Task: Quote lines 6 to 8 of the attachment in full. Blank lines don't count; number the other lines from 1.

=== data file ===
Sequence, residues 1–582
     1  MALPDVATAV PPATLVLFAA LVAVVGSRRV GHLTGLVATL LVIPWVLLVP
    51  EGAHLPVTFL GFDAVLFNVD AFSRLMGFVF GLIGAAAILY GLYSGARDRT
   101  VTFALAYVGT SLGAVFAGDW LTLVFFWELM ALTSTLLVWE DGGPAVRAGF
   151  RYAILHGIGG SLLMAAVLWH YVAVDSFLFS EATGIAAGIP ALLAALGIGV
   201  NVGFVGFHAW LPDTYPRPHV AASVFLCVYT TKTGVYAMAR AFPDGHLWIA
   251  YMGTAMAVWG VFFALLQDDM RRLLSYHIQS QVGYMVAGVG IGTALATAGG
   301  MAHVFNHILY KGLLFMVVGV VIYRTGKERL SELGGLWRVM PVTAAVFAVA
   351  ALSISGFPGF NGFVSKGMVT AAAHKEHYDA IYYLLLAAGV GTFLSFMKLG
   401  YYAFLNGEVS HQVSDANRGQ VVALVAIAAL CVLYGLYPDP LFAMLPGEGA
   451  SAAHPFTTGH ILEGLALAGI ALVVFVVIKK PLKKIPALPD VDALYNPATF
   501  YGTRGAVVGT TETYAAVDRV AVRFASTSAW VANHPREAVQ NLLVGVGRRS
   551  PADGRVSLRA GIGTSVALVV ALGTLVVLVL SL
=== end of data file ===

   201  NVGFVGFHAW LPDTYPRPHV AASVFLCVYT TKTGVYAMAR AFPDGHLWIA
   251  YMGTAMAVWG VFFALLQDDM RRLLSYHIQS QVGYMVAGVG IGTALATAGG
   301  MAHVFNHILY KGLLFMVVGV VIYRTGKERL SELGGLWRVM PVTAAVFAVA